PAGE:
Thinking about learning styles.


Third grade mask-making.

I once had a fifth grade student who was, let us say, not fully engaged in the activities I had provided in the art room. He goofed around a lot.

One day, following a request to settle down, he turned to me and said, “Mr. K. Your teaching is not really differentiated to meet my personal learning style.”

Who had this kid been talking to? Probably my Assistant Superintendent for Curriculum.

I tell this story on occasion because I thought it was funny at the time. I still do. And then I was sent a copy of an article from Scientific American.

I am not making a critique of the concept of learning styles and differentiation. The article brought back memories of the dozens of fads pushed by administrators and my  board of education that had no more data to back them up than can be found in the correlation of  learning styles to instructional effectiveness.

The article suggests that the evidence for the notion of learning styles is pretty thin. It has often been confused with the concept of multiple intelligences, student interests and ability.

The more interesting question is whether learning styles, as opposed to abilities, make a difference in the classroom. Would educators be more effective if they identified their students’ individual styles and catered their lessons to them?

The lack of empirical data didn’t keep administrators and school boards from jumping on to the learning styles bandwagon about a decade ago.

Differentiated instruction became a buzzword in teacher evaluations. Every principal had to use the word  in their post-observation conference and write-up.

I remember one evaluation that we – the union – challenged. A first grade teacher in our building was engaged in a whole-class reading activity. In plain English, she was reading a story from a children’s book to the class. It was even part of the reading curriculum adopted by the district.

It was just at the moment she was reading her story when the principal walked in to do her evaluation observation. In the principal’s  write-up our teacher was marked down for failing to differentiate her instruction to meet the learning styles of the students in her class.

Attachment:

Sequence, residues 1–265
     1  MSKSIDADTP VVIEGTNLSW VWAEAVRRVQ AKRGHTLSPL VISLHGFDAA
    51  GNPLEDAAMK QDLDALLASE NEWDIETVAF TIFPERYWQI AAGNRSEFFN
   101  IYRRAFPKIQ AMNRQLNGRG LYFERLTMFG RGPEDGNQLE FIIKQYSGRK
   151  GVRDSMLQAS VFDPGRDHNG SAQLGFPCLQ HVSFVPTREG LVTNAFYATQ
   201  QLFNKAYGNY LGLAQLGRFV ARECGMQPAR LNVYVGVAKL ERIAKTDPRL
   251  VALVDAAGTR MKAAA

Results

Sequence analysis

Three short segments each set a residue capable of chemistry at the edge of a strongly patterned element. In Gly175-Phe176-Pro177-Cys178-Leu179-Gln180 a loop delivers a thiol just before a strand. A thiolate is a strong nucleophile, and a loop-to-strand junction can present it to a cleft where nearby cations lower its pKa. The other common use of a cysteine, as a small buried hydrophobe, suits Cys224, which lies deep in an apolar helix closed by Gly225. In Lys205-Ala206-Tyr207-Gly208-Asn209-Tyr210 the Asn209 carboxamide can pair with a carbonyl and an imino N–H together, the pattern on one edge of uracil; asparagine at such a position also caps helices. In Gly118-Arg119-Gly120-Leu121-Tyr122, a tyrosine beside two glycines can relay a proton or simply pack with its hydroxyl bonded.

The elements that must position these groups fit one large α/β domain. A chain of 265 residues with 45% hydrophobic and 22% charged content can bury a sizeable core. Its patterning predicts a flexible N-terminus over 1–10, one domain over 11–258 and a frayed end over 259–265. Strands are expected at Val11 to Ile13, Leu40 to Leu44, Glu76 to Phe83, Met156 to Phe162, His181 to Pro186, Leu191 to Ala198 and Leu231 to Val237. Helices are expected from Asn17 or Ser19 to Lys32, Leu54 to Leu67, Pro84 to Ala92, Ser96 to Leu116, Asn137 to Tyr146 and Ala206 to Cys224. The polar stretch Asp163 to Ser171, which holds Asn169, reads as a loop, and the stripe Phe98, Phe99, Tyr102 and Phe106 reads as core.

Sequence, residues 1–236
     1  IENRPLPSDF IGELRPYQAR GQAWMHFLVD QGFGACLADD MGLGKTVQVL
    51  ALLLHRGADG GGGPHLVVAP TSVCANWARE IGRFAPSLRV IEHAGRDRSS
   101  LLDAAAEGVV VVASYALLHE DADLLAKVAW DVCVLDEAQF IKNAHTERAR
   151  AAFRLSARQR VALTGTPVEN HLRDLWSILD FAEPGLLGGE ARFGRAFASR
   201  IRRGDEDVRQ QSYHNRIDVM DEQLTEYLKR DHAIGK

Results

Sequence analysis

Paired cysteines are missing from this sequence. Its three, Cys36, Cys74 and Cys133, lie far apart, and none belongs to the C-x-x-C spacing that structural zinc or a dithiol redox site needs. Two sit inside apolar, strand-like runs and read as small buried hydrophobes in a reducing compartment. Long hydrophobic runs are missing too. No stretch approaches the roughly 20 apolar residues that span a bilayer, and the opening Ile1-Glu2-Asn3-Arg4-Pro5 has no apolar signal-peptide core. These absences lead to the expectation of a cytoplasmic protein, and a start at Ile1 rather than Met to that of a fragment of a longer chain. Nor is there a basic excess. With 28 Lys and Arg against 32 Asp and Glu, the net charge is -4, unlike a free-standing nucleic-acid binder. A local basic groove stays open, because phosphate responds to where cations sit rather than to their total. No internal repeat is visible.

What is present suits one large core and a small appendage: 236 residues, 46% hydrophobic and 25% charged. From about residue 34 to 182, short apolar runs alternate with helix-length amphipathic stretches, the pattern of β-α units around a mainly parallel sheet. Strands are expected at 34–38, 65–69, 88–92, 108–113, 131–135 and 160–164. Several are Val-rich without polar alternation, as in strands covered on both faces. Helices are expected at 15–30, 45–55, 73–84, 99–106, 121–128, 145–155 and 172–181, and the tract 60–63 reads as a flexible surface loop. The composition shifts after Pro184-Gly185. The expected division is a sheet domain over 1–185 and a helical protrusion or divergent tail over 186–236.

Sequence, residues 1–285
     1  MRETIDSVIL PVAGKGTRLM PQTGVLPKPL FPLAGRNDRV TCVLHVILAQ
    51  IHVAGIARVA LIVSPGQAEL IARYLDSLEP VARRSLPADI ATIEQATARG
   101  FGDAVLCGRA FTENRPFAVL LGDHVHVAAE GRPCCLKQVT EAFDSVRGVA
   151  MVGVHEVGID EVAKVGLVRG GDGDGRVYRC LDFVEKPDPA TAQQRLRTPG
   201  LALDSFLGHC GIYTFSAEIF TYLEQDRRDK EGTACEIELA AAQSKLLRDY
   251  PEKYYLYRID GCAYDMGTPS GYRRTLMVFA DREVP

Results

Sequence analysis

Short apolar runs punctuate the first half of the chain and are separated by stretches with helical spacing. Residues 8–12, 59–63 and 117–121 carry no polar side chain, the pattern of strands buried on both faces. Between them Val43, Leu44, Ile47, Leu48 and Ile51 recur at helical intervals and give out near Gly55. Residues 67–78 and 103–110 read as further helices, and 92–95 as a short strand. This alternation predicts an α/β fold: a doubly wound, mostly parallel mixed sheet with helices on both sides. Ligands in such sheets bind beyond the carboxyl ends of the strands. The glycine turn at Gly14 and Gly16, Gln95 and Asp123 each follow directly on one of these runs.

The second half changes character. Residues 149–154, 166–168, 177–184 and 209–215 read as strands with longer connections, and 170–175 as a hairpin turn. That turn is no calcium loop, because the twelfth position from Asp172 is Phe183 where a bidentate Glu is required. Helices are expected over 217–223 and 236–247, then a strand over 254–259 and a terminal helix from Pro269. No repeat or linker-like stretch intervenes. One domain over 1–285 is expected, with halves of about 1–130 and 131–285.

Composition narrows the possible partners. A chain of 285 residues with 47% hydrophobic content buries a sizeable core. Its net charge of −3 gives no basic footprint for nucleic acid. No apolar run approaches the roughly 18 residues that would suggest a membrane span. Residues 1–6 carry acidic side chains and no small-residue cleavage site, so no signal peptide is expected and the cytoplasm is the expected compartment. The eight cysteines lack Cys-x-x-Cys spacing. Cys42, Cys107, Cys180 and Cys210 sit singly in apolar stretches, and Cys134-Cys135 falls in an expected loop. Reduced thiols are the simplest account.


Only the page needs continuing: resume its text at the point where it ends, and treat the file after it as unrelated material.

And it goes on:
She was reading a storybook to her class.

For years, hours of professional development time and money was given to promoting the concept of correlating instruction to learning styles even though there’s no real data to support the idea that it impacts student learning.

I’m not arguing against taking into account student interest, student ability or what Howard Gardner calls multiple intelligences.

I’m arguing against the use of buzzwords instead of data and against the faddishness of what passes for educational leadership.

Things may be different now. Maybe for the worse.

With the push for the Common Core Standards, any thought of student-centered instruction seems to be disappearing. Differentiation is being replaced by monitoring instruction based on a standard.

Will we see assessments of Common Core instruction now be using kinesthetic or visual measures?

I doubt it.

Let me know.

One thought on “Thinking about learning styles.

  1. Non-educator here (read blog for pension news mostly) but it seems to me that the unsupported differentiated fad was directly linked to a resurgence of gender segregation in schools based on stereotypes about boy/girl learning styles. Hope the discrediting extends to that as well.

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